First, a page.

16. 22-rimfire

    22-rimfire Gold Member Gold Member

    Nov 20, 2005
    I had sweet basil (Italian I believe) for years in containers. Noticed that I seldom used it. I do enjoy the smell of the various herbs when you grow them.

    Added: Decided to buy one sweet basil plant to place in a container this year. I guess habits are hard to break.

    I noticed that about a third of the onion sets I planted didn't grow. Picked up some more and added those to the onion rows. Hopefully they will grow. I'm just about done planting the little garden vegies for the spring. I planted a hill of zuchini and yellow crooked neck squash which I believe we will use when they are big enough.

    The cats pretty much obliterated the one catnip plant I planted. Got another.

    JustaNick, what part of the country are you in?
     
    Last edited: Apr 12, 2019
  17. taldesta

    taldesta Retired :-) Time is the Gold Platinum Member

    Jan 24, 2013
    :thumbsup:
    We got wind and more wind with rain ... and so the snow is going fast :thumbsup: The sky sure looked growly and like there was quite a storm wanting to hit us ... but it just blew things away.

    On the tomato cage pics ... I do a lot of the before and afters - it is grounding and very much like a journal of sorts to compare year to year.

    Basil and tomatoes! Yes. And catnip :D

    Busby's moult has been so worrying. I've been loading her up with flowering plants, sieving grapes for her medicine droppers as well because she likes to sample them, cut in halves when I place them on top of the enclosure. She just began to resist the complete food, almost as though it became physically hard for her to even take the nectar from the medicine droppers like she has done since the rescue. She has been refusing the bug dust treats that I offer her at least three times a day too.

    I've been offering the complete food in open teaspoon measuring spoons as well. Yesterday I interrupted my indoor painting (stairs ... not art) to make an emergency run to town for more grapes and daffodils and hyacinths - things I hoped would at least keep her alive and hydrated. In fact I've been having to let her lick her nectar from my fingers - which she will do when in this funk. But there is no volume eating this way - not like watching bubbles travel the medicine droppers when she tanks up - 4 bubbles, good; 6 bubbles, great.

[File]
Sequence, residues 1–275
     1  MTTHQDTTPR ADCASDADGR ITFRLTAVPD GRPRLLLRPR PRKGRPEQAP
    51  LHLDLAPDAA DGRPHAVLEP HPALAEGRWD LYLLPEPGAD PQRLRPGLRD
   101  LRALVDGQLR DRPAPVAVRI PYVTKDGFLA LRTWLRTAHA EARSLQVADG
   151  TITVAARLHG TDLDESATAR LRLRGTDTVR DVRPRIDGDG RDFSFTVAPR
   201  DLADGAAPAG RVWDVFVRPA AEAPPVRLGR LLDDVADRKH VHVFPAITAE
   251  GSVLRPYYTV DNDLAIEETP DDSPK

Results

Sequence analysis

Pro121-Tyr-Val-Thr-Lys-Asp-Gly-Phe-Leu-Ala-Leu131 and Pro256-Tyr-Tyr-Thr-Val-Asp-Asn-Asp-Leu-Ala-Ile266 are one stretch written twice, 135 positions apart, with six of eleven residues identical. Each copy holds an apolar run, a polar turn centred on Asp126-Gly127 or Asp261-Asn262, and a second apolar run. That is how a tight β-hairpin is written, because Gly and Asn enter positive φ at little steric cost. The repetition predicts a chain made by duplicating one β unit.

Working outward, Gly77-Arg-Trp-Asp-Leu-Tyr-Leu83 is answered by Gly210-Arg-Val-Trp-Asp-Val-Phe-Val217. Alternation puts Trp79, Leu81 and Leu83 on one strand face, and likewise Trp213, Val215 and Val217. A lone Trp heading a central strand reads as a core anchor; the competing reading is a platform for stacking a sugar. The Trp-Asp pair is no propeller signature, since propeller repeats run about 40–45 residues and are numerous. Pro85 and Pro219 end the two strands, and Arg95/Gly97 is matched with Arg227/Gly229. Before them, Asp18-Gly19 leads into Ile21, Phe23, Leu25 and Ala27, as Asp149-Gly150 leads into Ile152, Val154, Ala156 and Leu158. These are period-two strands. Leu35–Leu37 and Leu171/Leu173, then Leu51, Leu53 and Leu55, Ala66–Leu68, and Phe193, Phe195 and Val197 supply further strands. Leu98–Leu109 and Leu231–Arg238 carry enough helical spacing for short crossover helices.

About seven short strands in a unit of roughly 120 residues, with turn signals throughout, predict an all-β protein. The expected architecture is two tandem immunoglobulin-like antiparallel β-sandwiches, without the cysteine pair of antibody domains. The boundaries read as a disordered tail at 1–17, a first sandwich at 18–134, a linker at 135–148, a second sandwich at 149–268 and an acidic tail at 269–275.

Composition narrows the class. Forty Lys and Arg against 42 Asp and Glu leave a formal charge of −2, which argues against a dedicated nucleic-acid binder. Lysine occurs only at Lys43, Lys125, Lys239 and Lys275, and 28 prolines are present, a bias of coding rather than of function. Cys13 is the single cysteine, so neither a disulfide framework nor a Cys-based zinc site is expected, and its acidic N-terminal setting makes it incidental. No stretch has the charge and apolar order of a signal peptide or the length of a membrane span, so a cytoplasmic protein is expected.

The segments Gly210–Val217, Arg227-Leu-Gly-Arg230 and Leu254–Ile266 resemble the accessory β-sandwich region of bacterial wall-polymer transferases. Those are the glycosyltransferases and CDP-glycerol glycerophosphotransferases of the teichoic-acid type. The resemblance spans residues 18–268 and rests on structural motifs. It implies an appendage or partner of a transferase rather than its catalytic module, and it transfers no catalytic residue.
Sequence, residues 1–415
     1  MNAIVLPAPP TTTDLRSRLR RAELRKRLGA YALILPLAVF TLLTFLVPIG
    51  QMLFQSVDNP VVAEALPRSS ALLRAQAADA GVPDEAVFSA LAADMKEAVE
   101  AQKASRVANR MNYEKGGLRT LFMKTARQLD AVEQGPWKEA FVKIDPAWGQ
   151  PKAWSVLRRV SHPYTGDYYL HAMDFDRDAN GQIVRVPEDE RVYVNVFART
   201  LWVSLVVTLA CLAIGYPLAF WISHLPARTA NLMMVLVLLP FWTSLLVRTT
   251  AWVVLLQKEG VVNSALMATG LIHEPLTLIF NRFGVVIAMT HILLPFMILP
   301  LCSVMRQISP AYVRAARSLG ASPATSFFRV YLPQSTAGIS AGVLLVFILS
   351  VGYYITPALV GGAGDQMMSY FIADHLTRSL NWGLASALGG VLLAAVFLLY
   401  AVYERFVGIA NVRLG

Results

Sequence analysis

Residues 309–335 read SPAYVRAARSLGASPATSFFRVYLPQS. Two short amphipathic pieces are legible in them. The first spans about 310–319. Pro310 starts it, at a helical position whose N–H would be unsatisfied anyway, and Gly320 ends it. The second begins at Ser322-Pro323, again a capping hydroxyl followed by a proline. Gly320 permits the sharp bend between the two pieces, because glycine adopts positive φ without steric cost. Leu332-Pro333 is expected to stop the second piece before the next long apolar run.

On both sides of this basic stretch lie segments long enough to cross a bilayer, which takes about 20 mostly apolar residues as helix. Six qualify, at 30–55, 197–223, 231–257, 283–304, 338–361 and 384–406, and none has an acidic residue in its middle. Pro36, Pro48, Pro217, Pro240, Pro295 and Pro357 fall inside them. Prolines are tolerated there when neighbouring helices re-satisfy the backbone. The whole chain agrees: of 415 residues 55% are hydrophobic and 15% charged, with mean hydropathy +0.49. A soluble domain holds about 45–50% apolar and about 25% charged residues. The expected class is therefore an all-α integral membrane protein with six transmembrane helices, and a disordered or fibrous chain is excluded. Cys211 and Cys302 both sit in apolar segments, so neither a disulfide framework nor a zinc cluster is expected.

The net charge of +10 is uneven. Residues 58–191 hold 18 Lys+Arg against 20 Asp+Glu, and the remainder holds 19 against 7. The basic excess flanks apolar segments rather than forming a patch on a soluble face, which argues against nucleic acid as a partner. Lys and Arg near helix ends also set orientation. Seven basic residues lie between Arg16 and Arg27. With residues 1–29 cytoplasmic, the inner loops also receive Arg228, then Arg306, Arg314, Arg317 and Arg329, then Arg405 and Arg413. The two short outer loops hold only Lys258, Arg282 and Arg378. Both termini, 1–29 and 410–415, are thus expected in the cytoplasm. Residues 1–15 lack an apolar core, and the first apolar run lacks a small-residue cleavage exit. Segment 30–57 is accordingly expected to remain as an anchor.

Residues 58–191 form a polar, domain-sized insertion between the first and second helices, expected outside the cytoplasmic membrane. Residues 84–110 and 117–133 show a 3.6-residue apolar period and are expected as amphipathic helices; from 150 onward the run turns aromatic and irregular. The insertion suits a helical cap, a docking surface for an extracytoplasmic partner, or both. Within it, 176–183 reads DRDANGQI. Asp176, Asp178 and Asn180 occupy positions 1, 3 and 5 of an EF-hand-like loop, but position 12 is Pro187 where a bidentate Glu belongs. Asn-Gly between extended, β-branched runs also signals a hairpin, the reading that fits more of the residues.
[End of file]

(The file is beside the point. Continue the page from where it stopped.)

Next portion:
The good news is that she seems eager and hungry and is eating this morning. Buzzing around, interested in the birds outside on the feeder. Keeping my fingers crossed - she may get to go outside today in her enclosure if it warms up. She has so little time to wait for her release. Fingers and toes crossed!
     
    JustaNick, annr and 22-rimfire like this.
  18. JustaNick

    JustaNick

    81
    Feb 3, 2019
    I am in PA.

     
  19. 22-rimfire

    22-rimfire Gold Member Gold Member

    Nov 20, 2005
    Thanks. Grew up in PA.
     
  20. 22-rimfire

    22-rimfire Gold Member Gold Member

    Nov 20, 2005
    The little vegie garden. It changes daily. The white and purple flowers are Columbine (not a native variety). They spread a good bit and I have to try to control the spread. Not really what I want in a limited space vegie garden. The ladder is for the cats to climb back off the garage roof. They can climb up there from a tree (with a bit of a leap) but can't get back. Hence the ladder. Will probably move the container tomatoes to my deck later. This container size seems to work well for tomatoes. The visible green plants in the garden are various sweet peppers.

    As you can see, a mini-tiller is enough for me. It would work well up to about twice this size.

    Tomato cages are standing in the yard (to the back and left). I may need one, but not going to generally use them this year. Too big for the containers. Probably will stash them under my deck rather than moving them every time I mow the grass.

    The green plants in the background to the left side is Solomon's Seal that has pretty much spread and filled this space. There used to be Azalea's there but they died years ago.
    IMG_5068ed.jpg

    Added: I decided to just stand the tomato cages over bell pepper plants for the time being. Sometimes when things get a bit grown, some support might be a good thing for them. I can always remove them later. Last year, I had a bell pepper plant that was a bit shaded and it grew 5 feet tall and I supported it with a tomato cage.

    I did plant a regular sized tomato plant (Big Boy variety) on one side in the garden. Not sure how it will work out room wise. I often get things too close together and the tomato is near the one hill of squash. We'll see....
     
    Last edited: Apr 14, 2019
    JustaNick, annr and taldesta like this.